- And, on top of all this;
The shortage of qualified talent and unrealistic owners with complicated financial obligations we are experiencing unprecedented changes in the way business has to be conducted in order to complete.
- But we have to remind ourselves that the fundamentals of the hotel business and of what we sell has not changed much.
- The basic hotel products and services like a good night sleep and a good meal for a good value are here to stay. We sell sleep and we sell food, it sounds so simple but sometimes we make it so difficult and complicated.
- What has dramatically changed is the way the bookings are done and the alarming costs increases of acquiring a customer.
- The industry is faced with some serious challenges; on the one hand, the cost of securing a guest is increasing very fast and on the other hand, customers are much less loyal to hotels and to brands...... we are hit from both sides.......
- We live in a global connected world; ours is a global business and have to respond to the constant shifts in consumer behavior and to the constant changes of the likes and dislikes of our guests wherever they come from.
- It is also a business where everyone is copying everyone.....and this is a fact.....but a "VALUE BASED MANAGEMENT" is hard to copy and this is what hotel organizations should be.
- In general the industry is far too slow on anticipating and on responding to changes in particular technology and digital marketing specially by the small and medium size hotel companies. This is a major weakness.
Would like to share 5 POOR PRACTICES and BAD HABITS that in most cases are typical to hotel organizations and that I believe are fundamental for success or failure;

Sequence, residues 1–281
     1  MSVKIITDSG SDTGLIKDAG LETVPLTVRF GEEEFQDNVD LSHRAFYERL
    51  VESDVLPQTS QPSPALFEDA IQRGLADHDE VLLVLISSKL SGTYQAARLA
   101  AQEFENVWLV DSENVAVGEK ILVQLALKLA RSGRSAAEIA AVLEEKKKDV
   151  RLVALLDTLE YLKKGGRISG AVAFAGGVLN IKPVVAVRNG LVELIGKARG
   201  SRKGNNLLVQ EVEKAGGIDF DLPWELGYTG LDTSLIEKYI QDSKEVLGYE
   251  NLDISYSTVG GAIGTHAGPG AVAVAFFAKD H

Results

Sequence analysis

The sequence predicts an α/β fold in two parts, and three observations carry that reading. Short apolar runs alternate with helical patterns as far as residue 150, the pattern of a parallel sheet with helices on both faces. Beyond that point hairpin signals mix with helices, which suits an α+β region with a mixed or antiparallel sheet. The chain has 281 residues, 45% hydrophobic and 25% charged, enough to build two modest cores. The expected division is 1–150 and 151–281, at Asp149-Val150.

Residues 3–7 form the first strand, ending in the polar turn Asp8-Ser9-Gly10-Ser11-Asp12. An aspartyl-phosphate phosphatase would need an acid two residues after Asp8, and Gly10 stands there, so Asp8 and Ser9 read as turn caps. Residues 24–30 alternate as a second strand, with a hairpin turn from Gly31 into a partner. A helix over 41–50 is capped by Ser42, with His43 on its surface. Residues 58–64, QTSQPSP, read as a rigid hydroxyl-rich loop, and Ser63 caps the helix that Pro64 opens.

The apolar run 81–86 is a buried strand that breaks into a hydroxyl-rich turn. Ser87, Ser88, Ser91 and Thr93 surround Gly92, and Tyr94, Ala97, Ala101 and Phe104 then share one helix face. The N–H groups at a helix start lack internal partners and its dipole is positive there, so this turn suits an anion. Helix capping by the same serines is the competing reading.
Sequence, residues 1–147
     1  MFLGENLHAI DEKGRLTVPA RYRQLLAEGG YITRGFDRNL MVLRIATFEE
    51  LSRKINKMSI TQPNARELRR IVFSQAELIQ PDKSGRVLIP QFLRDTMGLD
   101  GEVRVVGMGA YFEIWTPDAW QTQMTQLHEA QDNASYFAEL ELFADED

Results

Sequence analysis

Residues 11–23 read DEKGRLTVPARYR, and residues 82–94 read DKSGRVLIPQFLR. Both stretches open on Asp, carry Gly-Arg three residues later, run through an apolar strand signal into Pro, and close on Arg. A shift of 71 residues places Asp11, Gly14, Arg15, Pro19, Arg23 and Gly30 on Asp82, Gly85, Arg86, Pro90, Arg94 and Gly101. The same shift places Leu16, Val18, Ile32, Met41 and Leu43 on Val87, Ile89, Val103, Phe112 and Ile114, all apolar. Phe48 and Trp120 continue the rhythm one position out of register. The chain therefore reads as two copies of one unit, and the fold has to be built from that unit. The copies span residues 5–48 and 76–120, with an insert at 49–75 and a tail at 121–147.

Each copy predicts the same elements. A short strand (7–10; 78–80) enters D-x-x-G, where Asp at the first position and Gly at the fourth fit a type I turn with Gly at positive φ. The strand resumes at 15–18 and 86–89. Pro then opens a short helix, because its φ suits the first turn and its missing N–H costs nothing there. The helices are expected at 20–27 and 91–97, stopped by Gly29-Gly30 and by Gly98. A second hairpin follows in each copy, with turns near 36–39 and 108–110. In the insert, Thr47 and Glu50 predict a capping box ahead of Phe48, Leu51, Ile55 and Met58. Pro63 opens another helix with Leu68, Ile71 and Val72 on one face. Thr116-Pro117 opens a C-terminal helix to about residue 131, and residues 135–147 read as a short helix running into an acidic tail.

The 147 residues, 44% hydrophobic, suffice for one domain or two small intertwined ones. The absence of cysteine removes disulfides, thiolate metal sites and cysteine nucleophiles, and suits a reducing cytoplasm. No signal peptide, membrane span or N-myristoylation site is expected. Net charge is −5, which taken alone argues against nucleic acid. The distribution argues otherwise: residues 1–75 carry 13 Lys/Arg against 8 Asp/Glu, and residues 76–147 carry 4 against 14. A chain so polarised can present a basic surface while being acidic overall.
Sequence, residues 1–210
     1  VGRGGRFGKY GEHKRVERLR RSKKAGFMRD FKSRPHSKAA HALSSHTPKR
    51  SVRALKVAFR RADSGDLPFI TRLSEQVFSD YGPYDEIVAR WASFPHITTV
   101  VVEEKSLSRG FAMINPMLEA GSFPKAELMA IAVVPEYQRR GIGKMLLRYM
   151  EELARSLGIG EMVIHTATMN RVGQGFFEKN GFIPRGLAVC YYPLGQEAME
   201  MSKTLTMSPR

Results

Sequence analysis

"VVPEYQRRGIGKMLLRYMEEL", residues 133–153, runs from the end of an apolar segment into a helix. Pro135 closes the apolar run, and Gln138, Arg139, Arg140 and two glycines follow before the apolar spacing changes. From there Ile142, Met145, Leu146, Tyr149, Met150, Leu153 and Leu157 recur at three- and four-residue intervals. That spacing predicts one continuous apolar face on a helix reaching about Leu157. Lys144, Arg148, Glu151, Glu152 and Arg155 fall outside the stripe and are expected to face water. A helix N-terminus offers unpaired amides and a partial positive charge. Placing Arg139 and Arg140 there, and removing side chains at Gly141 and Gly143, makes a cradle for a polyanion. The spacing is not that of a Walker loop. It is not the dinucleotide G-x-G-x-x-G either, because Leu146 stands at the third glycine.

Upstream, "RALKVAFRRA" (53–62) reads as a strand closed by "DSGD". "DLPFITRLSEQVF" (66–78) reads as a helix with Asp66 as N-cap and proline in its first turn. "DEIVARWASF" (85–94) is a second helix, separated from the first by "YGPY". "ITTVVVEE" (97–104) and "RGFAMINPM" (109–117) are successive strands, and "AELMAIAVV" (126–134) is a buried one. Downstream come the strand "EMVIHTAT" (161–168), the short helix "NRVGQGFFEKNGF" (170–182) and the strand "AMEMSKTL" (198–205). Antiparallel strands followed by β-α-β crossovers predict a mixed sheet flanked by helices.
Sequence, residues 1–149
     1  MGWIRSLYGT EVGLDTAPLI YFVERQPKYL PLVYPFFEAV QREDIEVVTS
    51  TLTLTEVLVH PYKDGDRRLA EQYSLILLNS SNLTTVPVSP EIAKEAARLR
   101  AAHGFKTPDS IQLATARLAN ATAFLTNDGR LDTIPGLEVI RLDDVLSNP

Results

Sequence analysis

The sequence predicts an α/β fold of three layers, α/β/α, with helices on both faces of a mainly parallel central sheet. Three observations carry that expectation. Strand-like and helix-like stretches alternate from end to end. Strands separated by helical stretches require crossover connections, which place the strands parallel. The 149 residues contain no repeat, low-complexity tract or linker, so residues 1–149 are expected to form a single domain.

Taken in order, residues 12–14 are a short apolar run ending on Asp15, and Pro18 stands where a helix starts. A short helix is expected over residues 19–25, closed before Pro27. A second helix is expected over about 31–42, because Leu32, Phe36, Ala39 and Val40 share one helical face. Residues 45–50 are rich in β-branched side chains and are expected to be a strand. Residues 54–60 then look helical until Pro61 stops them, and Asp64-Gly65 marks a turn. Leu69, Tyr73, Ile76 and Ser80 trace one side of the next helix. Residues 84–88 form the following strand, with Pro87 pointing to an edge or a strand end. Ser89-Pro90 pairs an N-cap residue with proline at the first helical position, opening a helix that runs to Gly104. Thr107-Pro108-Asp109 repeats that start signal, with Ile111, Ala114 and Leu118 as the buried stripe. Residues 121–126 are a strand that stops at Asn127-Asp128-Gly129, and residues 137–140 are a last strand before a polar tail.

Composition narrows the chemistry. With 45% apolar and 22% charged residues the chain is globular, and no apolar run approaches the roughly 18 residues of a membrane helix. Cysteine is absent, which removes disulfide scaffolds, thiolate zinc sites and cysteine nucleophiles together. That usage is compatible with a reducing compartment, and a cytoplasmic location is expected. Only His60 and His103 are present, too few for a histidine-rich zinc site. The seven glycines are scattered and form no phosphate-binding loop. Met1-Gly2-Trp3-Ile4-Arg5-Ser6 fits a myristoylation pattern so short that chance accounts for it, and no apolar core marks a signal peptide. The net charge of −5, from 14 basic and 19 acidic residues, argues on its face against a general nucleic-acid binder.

1- BUREACRACY and SILOS; As a labor intensive industry we have created far too many internal departments and functions at both Corporate and at Hotel levels ending up operating in Silos that is in many instances disruptive, expensive and slow on responding to market's needs.
2- DECISIONS; need of synchronizing the decision making process much more across all functions within the organization and deliver with a clear common objective. With the high labor turnover, Alignment is not easy to achieve in this industry.
3- DATA; In general hotels are not maximizing on the potential of using data. Leaders have to be much smarter in the decision taking process, less on "gut instincts" but much more on facts and use of data.
4- FORECAST; There is too much of looking at the past and not enough at the future. Past is past....and not so much that we can do.......... but are we making sound business decisions that will affect the company competitiveness in future?.......... And what new products and services might it make sense to develop?